The National Company Law Tribunal (NCLT) on Thursday admitted Reliance Communications Ltd (RCom) for insolvency and allowed it to exclude the 357 days spent in litigation from the resolution process.
The NCLT’s Mumbai bench also superseded RCom’s board, allowed a consortium of 31 banks led by State Bank of India to form a committee of creditors (CoC) and appointed a new resolution professional to run the company.
RCom, which has total debt of more than Rs 50,000 crore, becomes the first Anil Ambani group company to be declared bankrupt. The NCLT’s decisions come after RCom last month withdrew a petition challenging an order of the tribunal that allowed insolvency proceedings to be initiated under the Insolvency and Bankruptcy Code (IBC).
The NCLT bench of VP Singh and R Duraisamy also allowed RCom and its units Reliance Infratel and Reliance Telecom to exclude the litigation period from the bankruptcy process, a person aware of the development said.
The telecom company’s resolution professional had sought the exclusion of the period from May 30, 2018 to April 30, 2019 from the insolvency process citing litigation and the stay on the process by an appellate court and the Supreme Court.
Earlier, on May 3, SBI had held a meeting to shortlist a resolution professional (RP) after issuing a request for proposal in April, the Press Trust of India reported. The NCLT on May 7 had directed the existing RP to file a progress report by May 30, when it will hear the matter again.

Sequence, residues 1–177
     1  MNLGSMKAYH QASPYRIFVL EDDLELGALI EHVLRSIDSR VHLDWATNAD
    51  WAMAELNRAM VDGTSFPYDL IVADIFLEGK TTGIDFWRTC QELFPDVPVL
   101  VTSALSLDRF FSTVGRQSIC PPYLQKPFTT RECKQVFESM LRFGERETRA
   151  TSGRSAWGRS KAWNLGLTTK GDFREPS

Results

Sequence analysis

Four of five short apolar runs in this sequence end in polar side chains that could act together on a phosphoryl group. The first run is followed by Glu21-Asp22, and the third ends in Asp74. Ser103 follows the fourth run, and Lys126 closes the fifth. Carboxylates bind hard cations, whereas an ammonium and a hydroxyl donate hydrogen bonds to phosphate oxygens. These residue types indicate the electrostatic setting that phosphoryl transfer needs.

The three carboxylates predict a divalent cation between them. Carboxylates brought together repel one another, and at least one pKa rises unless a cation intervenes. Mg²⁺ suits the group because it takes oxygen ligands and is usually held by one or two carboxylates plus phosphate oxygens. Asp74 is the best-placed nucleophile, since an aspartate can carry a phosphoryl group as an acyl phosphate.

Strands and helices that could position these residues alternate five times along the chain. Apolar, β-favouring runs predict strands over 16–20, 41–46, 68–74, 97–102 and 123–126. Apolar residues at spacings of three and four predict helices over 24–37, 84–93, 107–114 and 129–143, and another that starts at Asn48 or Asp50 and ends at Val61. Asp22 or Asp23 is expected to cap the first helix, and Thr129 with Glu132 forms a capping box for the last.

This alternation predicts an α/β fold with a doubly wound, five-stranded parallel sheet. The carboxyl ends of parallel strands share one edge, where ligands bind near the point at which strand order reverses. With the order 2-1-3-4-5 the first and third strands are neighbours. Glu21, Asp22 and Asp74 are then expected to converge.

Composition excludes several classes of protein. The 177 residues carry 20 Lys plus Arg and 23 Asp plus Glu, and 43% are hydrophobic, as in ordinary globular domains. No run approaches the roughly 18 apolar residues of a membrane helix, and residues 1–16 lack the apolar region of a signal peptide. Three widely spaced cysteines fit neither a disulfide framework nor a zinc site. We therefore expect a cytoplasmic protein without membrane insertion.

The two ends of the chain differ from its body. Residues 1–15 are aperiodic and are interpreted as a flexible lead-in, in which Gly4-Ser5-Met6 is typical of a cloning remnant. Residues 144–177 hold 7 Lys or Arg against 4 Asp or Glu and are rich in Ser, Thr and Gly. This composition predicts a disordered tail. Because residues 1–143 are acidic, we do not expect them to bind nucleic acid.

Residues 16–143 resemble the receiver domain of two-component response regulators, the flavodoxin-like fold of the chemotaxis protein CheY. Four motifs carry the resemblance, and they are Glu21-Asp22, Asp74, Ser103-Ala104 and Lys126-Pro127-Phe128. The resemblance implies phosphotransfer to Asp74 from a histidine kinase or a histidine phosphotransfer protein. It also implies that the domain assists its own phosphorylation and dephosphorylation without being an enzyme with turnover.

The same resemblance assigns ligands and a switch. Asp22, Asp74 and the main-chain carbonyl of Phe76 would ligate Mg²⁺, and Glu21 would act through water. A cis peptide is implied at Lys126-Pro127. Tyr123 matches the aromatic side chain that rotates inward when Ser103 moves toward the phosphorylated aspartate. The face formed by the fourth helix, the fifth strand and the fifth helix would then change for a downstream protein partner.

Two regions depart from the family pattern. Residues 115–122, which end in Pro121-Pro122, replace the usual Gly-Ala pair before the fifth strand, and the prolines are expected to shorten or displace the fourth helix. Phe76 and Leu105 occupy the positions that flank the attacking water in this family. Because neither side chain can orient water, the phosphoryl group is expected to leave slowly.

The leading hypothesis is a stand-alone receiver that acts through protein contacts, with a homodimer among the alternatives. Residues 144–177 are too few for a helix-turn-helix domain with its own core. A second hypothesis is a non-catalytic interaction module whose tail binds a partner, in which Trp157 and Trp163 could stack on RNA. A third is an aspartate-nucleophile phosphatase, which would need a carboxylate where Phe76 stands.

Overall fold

RCom has struggled for the past couple of years partly due to a price war triggered by the market entry of billionaire Mukesh Ambani-owned Reliance Jio Infocomm Ltd. It tried to sell its tower and fibre assets to Reliance Jio but scrapped the deal for lack of regulatory approvals.
In September 2017, Swedish telecom equipment maker Ericsson had dragged RCom to the NCLT for non-payment of more than Rs 1,500 crore. The Swedish company was the first operational creditor to drag RCom to the NCLT.
The NCLT had on May 15, 2018, had admitted Ericsson’s petition against RCom and subsidiaries Reliance Infratel and Reliance Telecom. The tribunal had also appointed an interim resolution professional to run the company.
Subsequently, RCom filed a petition before the National Company Law Appellate Tribunal (NCLAT) against the NCLT’s order. The NCLAT stayed the NCLT’s orders.
Ericsson later approached the Supreme Court. Earlier this year, the apex court found RCom chairman Anil Ambani guilty of contempt of court for failing to pay Rs 550 crore to Ericsson. The court ordered Ambani and two RCom directors to pay Rs 450 crore to Ericsson within four weeks or risk a three-month jail term.
Anil Ambani avoided the jail term after a last-minute bailout by elder brother Mukesh, who extended him about Rs 462 crore to pay back Ericsson.